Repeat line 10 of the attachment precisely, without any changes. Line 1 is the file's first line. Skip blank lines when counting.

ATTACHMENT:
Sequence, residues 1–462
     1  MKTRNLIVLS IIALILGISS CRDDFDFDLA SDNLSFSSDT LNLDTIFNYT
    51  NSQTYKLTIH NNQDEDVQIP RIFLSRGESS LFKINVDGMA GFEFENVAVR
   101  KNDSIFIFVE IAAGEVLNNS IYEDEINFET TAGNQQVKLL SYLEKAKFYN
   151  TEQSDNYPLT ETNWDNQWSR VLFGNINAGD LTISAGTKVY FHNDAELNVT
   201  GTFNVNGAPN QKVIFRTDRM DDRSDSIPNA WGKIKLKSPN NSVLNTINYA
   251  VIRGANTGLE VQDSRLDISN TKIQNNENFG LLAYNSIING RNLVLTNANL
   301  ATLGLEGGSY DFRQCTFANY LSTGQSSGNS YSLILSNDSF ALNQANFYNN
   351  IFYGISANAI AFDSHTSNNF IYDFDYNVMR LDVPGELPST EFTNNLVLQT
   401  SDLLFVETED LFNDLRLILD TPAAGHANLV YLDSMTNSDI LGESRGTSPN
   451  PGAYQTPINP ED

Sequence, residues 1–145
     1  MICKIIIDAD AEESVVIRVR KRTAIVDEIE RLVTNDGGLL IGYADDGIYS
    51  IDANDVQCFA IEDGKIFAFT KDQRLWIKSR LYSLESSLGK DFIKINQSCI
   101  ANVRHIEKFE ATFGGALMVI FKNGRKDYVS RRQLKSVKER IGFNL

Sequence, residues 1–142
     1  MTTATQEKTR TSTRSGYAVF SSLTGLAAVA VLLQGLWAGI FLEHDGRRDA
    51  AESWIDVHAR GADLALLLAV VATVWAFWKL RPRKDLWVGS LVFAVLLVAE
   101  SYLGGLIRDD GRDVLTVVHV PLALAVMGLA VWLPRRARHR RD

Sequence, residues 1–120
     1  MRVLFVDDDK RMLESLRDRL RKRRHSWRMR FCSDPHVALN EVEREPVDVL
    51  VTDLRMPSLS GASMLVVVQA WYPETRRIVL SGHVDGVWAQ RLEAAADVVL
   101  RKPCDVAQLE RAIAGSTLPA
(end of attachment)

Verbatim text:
   401  SDLLFVETED LFNDLRLILD TPAAGHANLV YLDSMTNSDI LGESRGTSPN